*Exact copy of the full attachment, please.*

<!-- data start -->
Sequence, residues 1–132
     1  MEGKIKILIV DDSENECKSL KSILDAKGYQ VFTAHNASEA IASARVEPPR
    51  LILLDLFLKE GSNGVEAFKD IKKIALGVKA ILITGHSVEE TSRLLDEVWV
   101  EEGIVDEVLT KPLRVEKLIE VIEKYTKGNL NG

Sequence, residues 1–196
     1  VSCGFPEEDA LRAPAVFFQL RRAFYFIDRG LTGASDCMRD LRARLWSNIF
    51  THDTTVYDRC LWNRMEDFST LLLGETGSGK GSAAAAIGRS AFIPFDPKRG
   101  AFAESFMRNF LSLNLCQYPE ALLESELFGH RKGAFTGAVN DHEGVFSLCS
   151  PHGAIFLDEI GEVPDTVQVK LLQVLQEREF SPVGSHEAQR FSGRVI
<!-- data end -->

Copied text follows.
Sequence, residues 1–132
     1  MEGKIKILIV DDSENECKSL KSILDAKGYQ VFTAHNASEA IASARVEPPR
    51  LILLDLFLKE GSNGVEAFKD IKKIALGVKA ILITGHSVEE TSRLLDEVWV
   101  EEGIVDEVLT KPLRVEKLIE VIEKYTKGNL NG

Sequence, residues 1–196
     1  VSCGFPEEDA LRAPAVFFQL RRAFYFIDRG LTGASDCMRD LRARLWSNIF
    51  THDTTVYDRC LWNRMEDFST LLLGETGSGK GSAAAAIGRS AFIPFDPKRG
   101  AFAESFMRNF LSLNLCQYPE ALLESELFGH RKGAFTGAVN DHEGVFSLCS
   151  PHGAIFLDEI GEVPDTVQVK LLQVLQEREF SPVGSHEAQR FSGRVI